A little over 60 per cent families under World Bank-assisted ICDS projects (62.48%) had monthly income less than Rs. 2000/- per month, followed by NGO-run projects (51.41%) and regular ICDS projects had this share with 47 per cent of households. Income of households was analysed as per location of projects in rural, tribal and urban areas. It revealed that a little over half (52.8%) tribal families had income less than Rs. 2000/-, followed by rural families (49.5%). Forty per cent urban families belonged to this income group. Four out of ten families in urban projects had also income ranging between Rs. 2000/- and Rs. 4000/- per month, followed by rural (32.1%) and tribal projects (30.4%).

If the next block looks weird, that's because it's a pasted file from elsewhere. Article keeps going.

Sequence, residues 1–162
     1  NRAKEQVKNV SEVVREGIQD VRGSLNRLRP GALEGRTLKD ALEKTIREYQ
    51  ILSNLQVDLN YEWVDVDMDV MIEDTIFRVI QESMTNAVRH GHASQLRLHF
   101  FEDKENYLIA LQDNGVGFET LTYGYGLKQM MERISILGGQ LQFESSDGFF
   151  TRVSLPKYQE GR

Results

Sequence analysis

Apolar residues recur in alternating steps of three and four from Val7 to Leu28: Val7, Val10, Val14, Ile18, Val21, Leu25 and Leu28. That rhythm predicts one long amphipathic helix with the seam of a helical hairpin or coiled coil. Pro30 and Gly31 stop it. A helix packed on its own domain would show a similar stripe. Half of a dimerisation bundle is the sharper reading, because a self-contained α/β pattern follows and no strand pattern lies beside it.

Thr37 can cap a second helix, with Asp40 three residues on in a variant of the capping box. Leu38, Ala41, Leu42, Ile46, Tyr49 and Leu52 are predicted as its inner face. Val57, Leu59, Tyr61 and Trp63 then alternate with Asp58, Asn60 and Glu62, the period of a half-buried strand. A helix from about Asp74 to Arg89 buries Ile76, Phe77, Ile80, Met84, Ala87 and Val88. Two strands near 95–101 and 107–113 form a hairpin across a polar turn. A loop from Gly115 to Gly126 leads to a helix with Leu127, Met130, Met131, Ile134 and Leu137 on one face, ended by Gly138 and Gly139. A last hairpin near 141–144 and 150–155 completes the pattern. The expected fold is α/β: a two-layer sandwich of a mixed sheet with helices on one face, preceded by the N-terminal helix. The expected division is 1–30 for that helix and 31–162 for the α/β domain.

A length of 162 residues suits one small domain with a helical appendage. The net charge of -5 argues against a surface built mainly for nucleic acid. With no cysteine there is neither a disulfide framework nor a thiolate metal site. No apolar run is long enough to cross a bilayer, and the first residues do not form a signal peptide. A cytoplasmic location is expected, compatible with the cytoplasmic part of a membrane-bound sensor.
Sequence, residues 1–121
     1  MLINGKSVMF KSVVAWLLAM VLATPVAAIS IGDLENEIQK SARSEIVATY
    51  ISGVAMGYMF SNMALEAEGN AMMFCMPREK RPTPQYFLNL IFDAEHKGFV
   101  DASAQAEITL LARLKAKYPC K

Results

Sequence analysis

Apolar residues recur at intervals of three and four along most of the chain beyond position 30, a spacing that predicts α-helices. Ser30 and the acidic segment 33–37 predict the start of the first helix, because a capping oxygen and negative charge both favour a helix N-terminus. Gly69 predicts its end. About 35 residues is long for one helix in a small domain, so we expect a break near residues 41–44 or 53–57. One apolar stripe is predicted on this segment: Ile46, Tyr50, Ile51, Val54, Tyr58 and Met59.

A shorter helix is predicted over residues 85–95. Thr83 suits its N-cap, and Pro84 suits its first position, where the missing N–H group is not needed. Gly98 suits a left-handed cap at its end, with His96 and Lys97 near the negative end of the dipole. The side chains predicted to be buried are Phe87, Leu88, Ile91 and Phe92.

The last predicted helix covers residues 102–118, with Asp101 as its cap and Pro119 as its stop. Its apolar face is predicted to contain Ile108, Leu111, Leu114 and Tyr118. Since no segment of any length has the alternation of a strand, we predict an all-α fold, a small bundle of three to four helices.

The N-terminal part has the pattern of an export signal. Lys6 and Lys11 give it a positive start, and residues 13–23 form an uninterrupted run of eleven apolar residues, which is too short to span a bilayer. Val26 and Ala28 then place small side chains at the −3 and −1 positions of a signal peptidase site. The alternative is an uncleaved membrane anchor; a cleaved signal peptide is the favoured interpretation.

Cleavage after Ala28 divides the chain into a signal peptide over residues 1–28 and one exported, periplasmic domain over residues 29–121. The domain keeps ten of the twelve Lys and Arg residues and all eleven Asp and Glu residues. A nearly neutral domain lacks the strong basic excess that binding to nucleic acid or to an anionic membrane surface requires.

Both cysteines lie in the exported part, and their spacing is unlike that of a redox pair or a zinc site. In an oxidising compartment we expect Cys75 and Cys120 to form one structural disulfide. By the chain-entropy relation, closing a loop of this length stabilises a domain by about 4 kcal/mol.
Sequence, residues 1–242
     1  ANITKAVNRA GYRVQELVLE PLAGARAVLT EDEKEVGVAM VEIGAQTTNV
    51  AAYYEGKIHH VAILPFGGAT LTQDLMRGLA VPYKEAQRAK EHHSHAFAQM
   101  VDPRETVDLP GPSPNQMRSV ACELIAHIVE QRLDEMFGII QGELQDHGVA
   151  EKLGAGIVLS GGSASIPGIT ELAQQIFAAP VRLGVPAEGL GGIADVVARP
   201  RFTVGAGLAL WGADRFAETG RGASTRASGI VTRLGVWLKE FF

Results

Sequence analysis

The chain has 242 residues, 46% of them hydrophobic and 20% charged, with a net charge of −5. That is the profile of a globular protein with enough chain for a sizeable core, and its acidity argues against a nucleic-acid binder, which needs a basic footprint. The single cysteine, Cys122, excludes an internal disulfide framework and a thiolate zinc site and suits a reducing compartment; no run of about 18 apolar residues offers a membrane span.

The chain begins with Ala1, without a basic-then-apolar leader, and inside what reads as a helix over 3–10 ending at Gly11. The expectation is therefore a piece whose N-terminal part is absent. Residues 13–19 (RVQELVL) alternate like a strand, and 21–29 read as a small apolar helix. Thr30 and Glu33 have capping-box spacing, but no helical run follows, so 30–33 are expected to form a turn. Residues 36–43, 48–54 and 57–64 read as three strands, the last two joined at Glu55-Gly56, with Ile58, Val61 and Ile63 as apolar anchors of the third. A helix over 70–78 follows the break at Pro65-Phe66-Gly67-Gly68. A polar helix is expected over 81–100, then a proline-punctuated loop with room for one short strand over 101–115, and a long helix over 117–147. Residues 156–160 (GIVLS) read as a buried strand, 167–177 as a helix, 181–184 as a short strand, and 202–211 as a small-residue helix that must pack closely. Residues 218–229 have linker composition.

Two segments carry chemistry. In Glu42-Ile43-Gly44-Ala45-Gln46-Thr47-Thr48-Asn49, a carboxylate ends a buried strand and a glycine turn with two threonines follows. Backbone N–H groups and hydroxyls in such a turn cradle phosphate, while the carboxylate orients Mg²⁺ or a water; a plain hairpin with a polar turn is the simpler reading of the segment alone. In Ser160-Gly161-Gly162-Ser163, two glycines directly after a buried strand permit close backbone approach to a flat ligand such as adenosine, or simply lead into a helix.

Main Occupation of Sample Households
One-fourth of heads of households (25.7%) had non-agriculture labour as main occupation, maximum being in urban areas (36.4%), followed by heads of households in rural areas (24.2%) and tribal areas (21.9%). It was interesting to know that a little over one-third of respondents of tribal projects (34.3%) were cultivators who constituted 27 per cent in rural ICDS projects. Cultivators in urban projects were those who lived on fringe of urban areas and went to adjoining villages for cultivation were of negligible percentage (3.4%). Percentage of self employed and agricultural labourers was almost equal (16.0%). Self employed were mostly blacksmiths, carpenters, cattle grazers, potters, shoe makers, weavers, petty shop keepers etc. Around 12 per cent were in service – Government, semi-government, private companies etc.
Coordination in ICDS
Project level Coordination Committee